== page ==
There are speeches that you cannot get off your head even after years. Haruki Murakami’s speech at Jerusalem “Of Walls and Eggs” is one of these speeches. But should he attend and accept the prize? I think he should. Because by attending the ceremony he made his statement heard.
This is not all, though. It carries a deeper meaning. Think of it this way. Each of us is, more or less, an egg. Each of us is a unique, irreplaceable soul enclosed in a fragile shell. This is true of me, and it is true of each of you. And each of us, to a greater or lesser degree, is confronting a high, solid wall. The wall has a name: it is “the System.” The System is supposed to protect us, but sometimes it takes on a life of its own, and then it begins to kill us and cause us to kill others — coldly, efficiently, systematically.
On the other hand, Yehudi Menuhin seems to have made the similar statement during his prize acceptance at Wolf Prize.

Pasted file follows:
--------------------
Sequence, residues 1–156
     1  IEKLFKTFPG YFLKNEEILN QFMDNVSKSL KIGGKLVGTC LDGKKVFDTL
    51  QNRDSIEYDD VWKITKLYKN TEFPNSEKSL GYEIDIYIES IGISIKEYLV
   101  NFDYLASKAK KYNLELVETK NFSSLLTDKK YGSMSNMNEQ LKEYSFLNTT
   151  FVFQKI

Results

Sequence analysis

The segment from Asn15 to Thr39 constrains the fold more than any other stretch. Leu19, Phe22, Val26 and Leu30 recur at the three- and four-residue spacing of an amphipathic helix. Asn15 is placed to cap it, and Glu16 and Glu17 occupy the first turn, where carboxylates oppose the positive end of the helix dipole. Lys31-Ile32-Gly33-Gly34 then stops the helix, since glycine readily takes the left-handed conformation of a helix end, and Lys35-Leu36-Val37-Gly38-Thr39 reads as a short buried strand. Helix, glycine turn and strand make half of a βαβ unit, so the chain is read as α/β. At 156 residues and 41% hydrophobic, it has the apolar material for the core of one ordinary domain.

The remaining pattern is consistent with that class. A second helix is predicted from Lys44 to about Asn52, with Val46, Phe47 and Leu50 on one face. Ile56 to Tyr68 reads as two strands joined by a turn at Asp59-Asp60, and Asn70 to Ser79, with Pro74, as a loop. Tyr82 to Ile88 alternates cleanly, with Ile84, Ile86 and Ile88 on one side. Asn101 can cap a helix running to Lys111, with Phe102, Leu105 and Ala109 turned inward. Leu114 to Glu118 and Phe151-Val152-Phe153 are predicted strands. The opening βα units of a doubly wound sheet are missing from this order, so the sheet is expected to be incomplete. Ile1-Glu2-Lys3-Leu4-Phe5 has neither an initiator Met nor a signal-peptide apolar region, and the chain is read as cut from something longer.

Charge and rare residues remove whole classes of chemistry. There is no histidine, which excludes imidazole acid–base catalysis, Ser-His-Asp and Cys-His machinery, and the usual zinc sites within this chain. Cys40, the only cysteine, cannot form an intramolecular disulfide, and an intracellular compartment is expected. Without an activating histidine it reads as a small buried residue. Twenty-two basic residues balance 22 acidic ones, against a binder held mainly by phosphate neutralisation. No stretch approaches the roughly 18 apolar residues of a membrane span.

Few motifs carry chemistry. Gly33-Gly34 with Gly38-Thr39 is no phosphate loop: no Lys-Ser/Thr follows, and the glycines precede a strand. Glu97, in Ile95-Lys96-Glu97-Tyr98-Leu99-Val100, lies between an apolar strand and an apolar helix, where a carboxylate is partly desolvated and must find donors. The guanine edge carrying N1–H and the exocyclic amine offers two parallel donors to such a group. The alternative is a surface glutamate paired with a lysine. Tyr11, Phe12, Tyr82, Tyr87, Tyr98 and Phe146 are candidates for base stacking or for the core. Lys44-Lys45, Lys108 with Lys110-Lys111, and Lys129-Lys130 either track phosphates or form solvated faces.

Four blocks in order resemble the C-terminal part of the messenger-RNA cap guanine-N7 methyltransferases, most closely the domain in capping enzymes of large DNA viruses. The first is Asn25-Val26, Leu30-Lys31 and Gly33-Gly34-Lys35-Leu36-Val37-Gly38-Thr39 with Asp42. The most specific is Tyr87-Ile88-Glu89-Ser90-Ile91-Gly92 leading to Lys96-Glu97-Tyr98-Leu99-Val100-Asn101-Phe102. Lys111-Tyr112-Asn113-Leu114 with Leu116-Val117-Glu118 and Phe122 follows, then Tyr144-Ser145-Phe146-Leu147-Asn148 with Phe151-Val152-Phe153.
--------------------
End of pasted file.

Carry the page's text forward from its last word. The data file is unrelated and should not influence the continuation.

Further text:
“This wasteful governing by fear, by contempt for the basic dignities of life, this steady asphyxiation of a dependent people, should be the very last means to be adopted by those who themselves know too well the awful significance, the unforgettable suffering of such an existence. It is unworthy of my great people, the Jews, who have striven to abide by a code of moral rectitude for some 5,000 years, who can create and achieve a society for themselves such as we see around us but can yet deny the sharing of its great qualities and benefits to those dwelling amongst them.”
When challenged as to why he gave such a speech, Menuhin replied, “That is why I came”.
Thanks to SeetheLight’s comment.
Here is another source written on Yehudi Menuhin’s statement.